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92 N.Y.2d 640, 707 N.E.2d 418, 684 N.Y.S.2d 463 (1998).
December 17, 1998

3 No. 193

[98 NY Int. 0166]
Decided December 17, 1998

This opinion is uncorrected and subject to revision before publication in the New York Reports.

Terrence M. Connors, for appellant.
George M. Dentes, for respondent.


Defendant on this appeal urges that his conviction should be overturned because a potential conflict of interest prevented his attorney from providing effective assistance of counsel, and because the prosecution failed to timely disclose certain Brady material. Concluding that neither claim provides a basis for reversal, we affirm the Appellate Division order upholding the conviction.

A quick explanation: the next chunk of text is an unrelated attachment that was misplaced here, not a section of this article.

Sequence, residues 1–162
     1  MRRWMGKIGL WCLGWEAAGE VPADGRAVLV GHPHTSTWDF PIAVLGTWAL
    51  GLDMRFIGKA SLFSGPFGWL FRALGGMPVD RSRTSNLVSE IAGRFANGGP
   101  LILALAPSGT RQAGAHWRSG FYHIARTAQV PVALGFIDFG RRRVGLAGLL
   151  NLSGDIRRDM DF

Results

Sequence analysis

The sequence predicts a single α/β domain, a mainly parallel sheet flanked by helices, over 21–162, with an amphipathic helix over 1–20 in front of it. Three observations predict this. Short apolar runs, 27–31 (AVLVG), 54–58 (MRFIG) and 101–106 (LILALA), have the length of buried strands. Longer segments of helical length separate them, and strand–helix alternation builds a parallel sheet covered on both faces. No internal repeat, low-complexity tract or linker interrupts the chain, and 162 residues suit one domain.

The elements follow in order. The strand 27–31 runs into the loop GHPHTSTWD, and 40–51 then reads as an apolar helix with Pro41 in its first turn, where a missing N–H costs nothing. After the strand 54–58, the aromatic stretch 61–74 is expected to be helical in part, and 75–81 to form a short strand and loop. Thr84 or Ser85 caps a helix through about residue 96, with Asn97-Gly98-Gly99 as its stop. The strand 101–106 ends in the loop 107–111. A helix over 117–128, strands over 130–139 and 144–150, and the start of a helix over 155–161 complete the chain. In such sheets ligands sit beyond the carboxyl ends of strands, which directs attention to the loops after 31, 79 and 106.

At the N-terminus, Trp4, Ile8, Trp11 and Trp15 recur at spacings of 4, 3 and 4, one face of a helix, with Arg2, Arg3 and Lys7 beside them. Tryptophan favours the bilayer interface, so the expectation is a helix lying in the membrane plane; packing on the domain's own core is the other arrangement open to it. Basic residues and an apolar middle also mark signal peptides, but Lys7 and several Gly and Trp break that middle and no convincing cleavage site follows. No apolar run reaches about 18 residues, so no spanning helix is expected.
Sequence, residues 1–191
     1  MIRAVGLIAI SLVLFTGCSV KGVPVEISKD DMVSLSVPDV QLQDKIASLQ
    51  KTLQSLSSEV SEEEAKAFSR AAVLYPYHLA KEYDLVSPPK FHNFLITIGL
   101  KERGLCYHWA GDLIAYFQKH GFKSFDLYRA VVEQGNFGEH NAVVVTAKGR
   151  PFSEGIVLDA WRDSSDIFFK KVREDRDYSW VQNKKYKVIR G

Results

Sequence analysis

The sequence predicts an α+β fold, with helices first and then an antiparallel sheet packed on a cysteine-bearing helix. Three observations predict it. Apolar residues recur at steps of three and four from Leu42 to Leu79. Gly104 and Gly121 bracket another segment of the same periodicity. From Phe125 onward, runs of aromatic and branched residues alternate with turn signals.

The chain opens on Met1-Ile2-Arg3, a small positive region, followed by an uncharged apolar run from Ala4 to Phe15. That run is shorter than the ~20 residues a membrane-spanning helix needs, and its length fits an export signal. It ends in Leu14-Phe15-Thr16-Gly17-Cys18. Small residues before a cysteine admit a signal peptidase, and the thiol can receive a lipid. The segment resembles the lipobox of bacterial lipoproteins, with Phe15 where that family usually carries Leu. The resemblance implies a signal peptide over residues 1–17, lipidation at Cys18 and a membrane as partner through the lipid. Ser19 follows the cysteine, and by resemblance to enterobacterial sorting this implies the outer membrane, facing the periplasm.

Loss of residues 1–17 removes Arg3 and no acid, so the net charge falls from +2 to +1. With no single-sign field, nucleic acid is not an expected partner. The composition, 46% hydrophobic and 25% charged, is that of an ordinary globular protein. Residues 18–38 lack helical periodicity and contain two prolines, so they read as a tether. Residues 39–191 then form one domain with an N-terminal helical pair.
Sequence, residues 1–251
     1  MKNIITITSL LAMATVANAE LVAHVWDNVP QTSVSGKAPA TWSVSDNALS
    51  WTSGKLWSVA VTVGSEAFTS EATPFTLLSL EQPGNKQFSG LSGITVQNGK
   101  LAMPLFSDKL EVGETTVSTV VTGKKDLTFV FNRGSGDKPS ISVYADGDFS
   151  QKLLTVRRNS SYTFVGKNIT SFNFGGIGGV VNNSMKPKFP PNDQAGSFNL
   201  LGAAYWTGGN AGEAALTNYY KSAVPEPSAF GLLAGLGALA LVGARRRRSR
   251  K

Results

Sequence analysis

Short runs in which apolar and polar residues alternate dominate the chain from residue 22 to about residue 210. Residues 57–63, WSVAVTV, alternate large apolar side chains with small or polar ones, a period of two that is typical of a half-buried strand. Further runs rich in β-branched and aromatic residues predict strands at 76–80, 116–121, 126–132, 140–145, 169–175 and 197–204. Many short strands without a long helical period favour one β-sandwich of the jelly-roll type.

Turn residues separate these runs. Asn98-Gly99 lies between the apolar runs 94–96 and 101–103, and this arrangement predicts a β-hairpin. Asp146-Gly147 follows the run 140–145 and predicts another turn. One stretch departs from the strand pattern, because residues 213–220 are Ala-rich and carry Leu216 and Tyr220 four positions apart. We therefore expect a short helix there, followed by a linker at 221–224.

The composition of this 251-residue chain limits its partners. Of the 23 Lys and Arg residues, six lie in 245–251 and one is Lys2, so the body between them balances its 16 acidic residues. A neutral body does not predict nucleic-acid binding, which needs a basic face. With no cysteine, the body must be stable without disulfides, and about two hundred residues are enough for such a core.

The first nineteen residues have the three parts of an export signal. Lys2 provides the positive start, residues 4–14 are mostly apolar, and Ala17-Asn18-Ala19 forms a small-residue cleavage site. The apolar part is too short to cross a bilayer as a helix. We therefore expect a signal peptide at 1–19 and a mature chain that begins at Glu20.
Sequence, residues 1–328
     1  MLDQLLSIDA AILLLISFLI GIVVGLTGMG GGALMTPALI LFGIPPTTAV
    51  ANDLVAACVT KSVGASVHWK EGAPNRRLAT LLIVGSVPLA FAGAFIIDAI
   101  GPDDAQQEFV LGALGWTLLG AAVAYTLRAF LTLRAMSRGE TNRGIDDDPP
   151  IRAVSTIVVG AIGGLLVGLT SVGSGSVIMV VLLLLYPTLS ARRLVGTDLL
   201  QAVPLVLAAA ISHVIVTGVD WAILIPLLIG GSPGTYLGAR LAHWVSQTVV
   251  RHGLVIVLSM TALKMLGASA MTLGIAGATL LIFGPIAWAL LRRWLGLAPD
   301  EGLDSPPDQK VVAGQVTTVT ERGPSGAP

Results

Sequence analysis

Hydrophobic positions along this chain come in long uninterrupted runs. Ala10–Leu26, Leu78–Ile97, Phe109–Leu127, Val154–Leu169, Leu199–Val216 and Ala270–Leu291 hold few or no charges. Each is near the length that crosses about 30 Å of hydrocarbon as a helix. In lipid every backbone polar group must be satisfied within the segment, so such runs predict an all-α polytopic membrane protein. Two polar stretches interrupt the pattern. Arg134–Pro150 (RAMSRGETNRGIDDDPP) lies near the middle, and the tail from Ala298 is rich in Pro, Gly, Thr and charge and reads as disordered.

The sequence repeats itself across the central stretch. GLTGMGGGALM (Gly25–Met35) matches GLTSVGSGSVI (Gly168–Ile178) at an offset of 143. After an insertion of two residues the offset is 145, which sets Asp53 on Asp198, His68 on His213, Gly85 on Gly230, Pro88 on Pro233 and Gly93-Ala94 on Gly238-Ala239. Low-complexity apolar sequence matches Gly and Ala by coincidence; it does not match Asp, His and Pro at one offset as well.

In August 1991, a police informant made two controlledbuys of cocaine from defendant at his home in the Town of Dryden. The following month, police obtained an eavesdropping warrant authorizing a wiretap on defendant's telephone, which allowed them to intercept a conversation in which defendant arranged for the purchase of 250 grams of cocaine for $7,000 from Richard Muniz. The following morning, police observed Richard Lucas and Daryl Hallock leave defendant's home in his car. That afternoon, Lucas and Hallock were seen in New York City with Muniz, and at approximately 10:00 p.m. were seen arriving back at defendant's residence. After executing a no–knock search warrant at defendant's residence, police found four packages of cocaine, two electronic scales, assorted plastic bags, a bottle of Inositol (a cutting agent) and approximately three pounds of marihuana.